Tick Control in Cleveland & Surrounding Areas
No matter the kind of ticks you may find inflicting your pets, loved ones or home, Defense Pest Control can thoroughly wipe them out. Call us today to get started!
Indoor & Outdoor Yard Tick Control
Defense Pest Control has been providing premium pest control services to the local businesses and homes to Greater Cleveland and Northeast and Northwest areas of Ohio since 2005. We are fully insured and licensed with the best certified technicians in the industry. Among the many pest control services Defense Pest Control offers to commercial businesses and residential homes is Tick Control.
Defense Pest Control is the leading pest control company servicing residential homes and commercial businesses in the greater Cleaveland area. Our certified technicians have advanced training, years of experience, and utilize professional equipment and exclusive products to give our valued customers the best custom pest control services.
Tick Species Found in Ohio
The ticks found throughout Ohio are not only obnoxious bloodsuckers, but they can potentially spread tick-borne diseases and ailments. There are several species of ticks in our area, but the more common ticks reigning terror on Ohioans are American Dog Ticks, Blacklegged Ticks also known as Deer Ticks, and Lone Star Ticks. For your information, Defense Pest Control would like to breakdown the more common ticks that can be found imposing on you, your pets, and found around the outside or inside of your Greater Cleveland and Northeast and Northwest areas of Ohio home.
American Dog Tick Identification & Rocky Mountain Fever & Tularemia Diseases
American Dog Ticks have also been known as dog ticks or wood ticks. Ticks feature four pairs of legs, classifying them as part of the arachnid family. The American Dog tick is one of the larger ticks in the area. Males measure about 1/8” in size and females are slightly larger, however after the female has feasted and becomes engorged, she measures closely to ½”. During the lifespan of an American Dog tick, they will often have three different hosts per each cycle. After they hatch, American Dog ticks only bear six legs like an insect and are larvae. They will skitter on the first available host using their exceptionally fine-tuned climbing skills. As larvae, they will cling onto smaller animals like mice, squirrels, rabbits, and other such creatures. After the bloody meal, it will drop off the host, molt, and cycle into the nymph stage, bearing eight legs. They will find a new host, usually something bigger, but whatever is around will do. It will then banquet for six days, remove itself, molt and be an adult tick, choosing a new bigger yet host, like a deer, canine, or human for example. American Dog ticks have been linked to spreading Rocky Mountain spotted fever, Tularemia and may also carry Human Granulocytic Ehrlichiosis.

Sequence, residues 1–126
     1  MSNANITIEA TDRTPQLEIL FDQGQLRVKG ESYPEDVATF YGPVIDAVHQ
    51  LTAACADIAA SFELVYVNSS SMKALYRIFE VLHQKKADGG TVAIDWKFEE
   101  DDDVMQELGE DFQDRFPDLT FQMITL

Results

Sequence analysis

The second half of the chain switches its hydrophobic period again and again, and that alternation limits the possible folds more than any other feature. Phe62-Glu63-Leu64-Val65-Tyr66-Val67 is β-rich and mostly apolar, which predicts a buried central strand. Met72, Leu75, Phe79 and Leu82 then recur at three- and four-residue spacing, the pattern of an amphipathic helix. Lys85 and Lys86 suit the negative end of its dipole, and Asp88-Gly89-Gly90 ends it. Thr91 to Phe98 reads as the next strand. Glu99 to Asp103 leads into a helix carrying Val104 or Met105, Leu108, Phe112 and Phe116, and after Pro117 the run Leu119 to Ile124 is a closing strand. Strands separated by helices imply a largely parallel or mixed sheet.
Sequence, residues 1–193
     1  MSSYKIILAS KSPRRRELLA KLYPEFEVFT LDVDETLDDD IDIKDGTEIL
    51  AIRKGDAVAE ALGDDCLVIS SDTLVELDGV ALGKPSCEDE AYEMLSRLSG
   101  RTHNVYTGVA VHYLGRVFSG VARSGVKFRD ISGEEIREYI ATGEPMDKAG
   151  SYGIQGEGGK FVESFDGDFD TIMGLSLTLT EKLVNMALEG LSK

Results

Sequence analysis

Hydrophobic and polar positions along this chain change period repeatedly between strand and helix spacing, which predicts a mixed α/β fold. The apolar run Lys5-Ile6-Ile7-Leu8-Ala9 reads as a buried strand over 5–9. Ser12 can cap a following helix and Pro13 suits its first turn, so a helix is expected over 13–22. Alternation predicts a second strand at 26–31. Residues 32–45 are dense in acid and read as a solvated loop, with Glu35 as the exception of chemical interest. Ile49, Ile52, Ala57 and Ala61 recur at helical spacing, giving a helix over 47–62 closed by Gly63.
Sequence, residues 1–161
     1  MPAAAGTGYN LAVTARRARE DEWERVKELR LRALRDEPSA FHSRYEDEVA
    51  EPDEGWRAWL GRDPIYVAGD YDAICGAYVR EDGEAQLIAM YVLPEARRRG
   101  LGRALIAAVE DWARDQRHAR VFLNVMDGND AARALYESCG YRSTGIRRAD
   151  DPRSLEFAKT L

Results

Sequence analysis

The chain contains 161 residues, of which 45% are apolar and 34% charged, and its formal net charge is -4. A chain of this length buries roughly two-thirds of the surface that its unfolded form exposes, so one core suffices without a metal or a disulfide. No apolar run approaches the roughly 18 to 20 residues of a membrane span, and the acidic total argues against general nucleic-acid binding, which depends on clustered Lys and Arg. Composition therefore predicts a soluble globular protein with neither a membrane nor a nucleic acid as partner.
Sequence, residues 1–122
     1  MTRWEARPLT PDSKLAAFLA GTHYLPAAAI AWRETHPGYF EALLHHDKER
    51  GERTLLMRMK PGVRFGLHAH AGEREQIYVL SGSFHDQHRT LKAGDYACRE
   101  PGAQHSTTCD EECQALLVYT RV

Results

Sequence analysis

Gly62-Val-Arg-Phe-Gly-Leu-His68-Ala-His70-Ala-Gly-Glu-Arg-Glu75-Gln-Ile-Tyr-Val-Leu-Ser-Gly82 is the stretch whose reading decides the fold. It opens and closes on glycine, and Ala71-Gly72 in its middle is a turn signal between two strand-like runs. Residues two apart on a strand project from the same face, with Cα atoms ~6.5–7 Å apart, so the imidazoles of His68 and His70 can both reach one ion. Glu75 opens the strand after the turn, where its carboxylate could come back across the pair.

Deer Tick or Blacklegged Tick Bites Can Spread Lyme Disease
Humans are usually chosen as hosts by accidents, and Blacklegged ticks are also known as Deer ticks for being frequently discovered on white-tailed deer. Their life cycle is similar to the American Dog tick. They are only about ½ the size of the American Dog Tick. Deer ticks prefer the woodland areas and usually stick to the wildlife areas. They will climb up tall blades of grass to grab onto a host passing by. Hikers might get them as they traverse the woods, but more often than not, the deer ticks intermingle with domestic animals in areas where deer might wonder into. Deer ticks are widely known as ticks spreading Lyme disease.
Lone Star Ticks Can Transmit Ehrlichiosis & STARI
Lone Star ticks have similar life cycles as the other ticks. Lone Star tick females have a distinct white dot or star-shape on their back. Males don’t possess the one white marking that acts as a shield, but they have multiple spotting along the back. They are more likely to be seen hosting on cattle, dogs, cats, and humans. Lone Star ticks can potentially spread Ehrlichiosis, Rocky Mountain spotted fever, STARI (Southern Tick-Associated Rash Illness) which is sometimes confused with Lyme disease, Tularemia, and Q fever.